Too late for tulips?

SE Iowa, zone 5
Last fall we purchased a couple of hundred tulip bulbs simply because they were on sale at Menards or somewhere similar. As happens many years we never got around to getting them planted last fall. They are all still in bags in our shop (about 50 degrees F) and some are starting to sprout.
Can we save them by doing any of the following?
1.) Simply plant them as is in VERY early spring. 2.) Stick them in our deep freeze until spring and then plant. 3.) Bury them outside under some mulch and then plant in spring.
Anyway suggestions would be welcome.
Cheers,
us
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Replying to your post - per instructor in my on-line internet class....

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snipped-for-privacy@yahoo.com wrote:

....and he/she taught you to top post?
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Top posting saves time. Like texting. Get used to it.
Steve
wrote:

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Go ahead and plant them. You probably won't get blooms, but they will be able to make food for next spring's bloom.
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bulbs bought at hardware stores have a really bad track record for even coming up much less blooming. I would take a selection and try planting them now and see if they come up and bloom indoors. if your test does, then go ahead and plant the others. Ingrid
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snipped-for-privacy@wi.rr.com wrote:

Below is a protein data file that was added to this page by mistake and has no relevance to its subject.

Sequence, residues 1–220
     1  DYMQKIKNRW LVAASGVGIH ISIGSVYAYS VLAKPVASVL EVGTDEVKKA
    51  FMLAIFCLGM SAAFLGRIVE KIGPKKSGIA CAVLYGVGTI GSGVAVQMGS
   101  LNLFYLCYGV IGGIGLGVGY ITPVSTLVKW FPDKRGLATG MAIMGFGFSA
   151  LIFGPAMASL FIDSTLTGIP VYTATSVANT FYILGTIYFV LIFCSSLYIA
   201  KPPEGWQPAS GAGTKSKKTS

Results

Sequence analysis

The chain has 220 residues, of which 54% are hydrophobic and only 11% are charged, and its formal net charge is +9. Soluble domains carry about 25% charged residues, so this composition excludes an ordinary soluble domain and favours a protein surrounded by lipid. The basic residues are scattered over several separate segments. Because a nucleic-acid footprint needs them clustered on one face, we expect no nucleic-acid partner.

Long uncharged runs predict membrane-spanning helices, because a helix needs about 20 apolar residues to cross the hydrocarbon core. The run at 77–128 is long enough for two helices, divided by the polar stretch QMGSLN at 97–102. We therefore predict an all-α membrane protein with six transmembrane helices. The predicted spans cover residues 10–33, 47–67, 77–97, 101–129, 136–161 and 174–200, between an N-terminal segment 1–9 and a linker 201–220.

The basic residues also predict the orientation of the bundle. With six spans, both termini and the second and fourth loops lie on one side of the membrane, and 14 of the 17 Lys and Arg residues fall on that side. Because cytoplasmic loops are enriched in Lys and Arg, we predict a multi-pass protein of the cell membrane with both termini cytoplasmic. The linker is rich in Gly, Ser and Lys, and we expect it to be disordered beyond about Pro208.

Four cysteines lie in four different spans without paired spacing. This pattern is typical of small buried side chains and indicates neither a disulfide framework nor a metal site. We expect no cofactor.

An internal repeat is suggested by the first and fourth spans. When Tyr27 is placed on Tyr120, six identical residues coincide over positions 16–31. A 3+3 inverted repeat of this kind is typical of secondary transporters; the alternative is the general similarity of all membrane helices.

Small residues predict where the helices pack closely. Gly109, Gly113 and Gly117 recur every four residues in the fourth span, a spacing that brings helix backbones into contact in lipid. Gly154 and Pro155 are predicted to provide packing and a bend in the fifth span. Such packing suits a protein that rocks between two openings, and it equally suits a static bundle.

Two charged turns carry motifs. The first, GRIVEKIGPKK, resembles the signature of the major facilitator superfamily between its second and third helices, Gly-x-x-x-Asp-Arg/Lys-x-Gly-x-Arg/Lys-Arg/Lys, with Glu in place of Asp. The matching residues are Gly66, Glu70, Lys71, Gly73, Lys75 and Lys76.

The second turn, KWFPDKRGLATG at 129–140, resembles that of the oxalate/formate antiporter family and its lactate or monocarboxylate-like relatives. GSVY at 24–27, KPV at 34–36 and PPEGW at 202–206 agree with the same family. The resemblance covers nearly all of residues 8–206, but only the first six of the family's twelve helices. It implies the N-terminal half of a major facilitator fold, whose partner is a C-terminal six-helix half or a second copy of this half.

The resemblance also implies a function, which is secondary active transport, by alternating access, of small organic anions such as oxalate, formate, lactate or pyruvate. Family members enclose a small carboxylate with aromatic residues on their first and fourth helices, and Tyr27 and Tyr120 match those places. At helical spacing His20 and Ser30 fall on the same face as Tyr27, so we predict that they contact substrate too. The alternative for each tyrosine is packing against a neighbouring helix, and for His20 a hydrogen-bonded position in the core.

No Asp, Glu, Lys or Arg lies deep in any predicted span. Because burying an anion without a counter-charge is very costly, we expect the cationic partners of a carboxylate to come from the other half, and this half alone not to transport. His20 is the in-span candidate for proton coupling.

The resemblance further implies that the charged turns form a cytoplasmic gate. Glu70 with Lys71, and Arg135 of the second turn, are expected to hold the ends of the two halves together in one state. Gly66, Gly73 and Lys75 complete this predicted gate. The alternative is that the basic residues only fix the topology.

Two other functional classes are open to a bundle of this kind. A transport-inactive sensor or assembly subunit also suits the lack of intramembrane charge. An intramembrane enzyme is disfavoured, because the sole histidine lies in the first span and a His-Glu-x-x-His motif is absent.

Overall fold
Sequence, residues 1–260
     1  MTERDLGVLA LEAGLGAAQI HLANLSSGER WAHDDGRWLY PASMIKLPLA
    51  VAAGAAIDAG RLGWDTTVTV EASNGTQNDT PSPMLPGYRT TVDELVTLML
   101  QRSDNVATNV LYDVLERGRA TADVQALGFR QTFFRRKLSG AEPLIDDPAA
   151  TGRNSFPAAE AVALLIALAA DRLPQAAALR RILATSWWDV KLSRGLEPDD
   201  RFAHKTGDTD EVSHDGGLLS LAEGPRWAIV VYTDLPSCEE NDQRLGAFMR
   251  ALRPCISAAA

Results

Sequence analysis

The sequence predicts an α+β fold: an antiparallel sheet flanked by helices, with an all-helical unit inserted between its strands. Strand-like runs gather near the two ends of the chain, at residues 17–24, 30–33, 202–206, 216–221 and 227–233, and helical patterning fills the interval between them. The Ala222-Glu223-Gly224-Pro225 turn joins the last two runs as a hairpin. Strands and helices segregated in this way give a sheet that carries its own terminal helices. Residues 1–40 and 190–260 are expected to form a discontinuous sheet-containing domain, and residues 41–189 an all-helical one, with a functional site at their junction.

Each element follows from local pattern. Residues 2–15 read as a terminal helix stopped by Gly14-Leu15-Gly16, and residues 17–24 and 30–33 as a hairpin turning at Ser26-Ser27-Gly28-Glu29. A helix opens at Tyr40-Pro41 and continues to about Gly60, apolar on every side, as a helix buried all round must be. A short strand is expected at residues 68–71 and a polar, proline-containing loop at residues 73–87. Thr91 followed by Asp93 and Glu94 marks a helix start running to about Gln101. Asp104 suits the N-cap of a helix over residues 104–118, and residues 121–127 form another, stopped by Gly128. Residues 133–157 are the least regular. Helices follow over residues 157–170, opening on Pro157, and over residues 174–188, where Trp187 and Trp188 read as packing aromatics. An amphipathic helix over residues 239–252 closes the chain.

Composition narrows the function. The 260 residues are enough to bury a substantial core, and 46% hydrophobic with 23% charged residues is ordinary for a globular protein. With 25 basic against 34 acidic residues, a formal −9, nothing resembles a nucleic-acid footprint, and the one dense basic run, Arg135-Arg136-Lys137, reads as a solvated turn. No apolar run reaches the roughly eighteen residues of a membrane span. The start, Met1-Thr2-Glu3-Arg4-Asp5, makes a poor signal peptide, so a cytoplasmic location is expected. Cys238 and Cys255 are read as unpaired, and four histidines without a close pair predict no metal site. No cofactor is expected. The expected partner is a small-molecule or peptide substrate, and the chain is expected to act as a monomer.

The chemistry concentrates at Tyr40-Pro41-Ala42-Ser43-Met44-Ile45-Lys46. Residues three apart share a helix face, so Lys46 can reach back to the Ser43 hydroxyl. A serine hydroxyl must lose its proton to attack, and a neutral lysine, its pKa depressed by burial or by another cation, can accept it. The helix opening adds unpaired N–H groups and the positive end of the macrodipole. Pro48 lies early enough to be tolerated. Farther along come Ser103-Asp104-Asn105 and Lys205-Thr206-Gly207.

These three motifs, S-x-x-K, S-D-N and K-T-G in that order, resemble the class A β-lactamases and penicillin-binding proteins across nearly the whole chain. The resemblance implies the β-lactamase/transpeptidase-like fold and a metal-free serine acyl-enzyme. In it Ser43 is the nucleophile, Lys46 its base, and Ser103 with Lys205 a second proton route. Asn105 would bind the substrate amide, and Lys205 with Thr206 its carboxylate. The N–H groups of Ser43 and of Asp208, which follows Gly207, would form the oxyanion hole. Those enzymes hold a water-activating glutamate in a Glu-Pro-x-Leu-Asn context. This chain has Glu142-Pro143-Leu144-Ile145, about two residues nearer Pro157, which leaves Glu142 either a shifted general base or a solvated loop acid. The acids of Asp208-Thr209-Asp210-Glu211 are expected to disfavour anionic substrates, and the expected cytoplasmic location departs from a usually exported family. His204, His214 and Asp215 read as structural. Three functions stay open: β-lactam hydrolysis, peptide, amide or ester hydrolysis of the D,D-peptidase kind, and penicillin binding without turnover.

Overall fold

I don't find that to be true. I am one of those people that pick up a lot of "close out" bulbs every year (no matter who is selling them). I've never had a problem with them not blooming. Usually, around Thanksgiving, stores here have them for 75 percent off, and, around here, that is a good time to plant them.
--
Bill R. (Ohio Valley, U.S.A)

Gardening for over 40 years
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Phisherman wrote:

I agree. Plant them as soon as you can or bury them under some mulch now if the ground is frozen. And just so that you know, you NEVER want to freeze bulbs. Tulips need to be cooled for about 12 weeks but they should never be stored below 35 degrees. Storing them at 50 degrees may be good enough to get them to bloom this season.
--
Bill R. (Ohio Valley, U.S.A)

Gardening for over 40 years
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IGot2P wrote:

I would say plant them ASAP and add a couple of inches of mulch but don't expect any decent blooms -- or any blooms at all -- from the survivors during the first season. Definitely don't put them in the deepfreeze. The worst that will happen is that the bulbs won't develop at all and in that case you will have added some expensive organic material to your bed and will have learned a lesson.
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John McGaw
[Knoxville, TN, USA]
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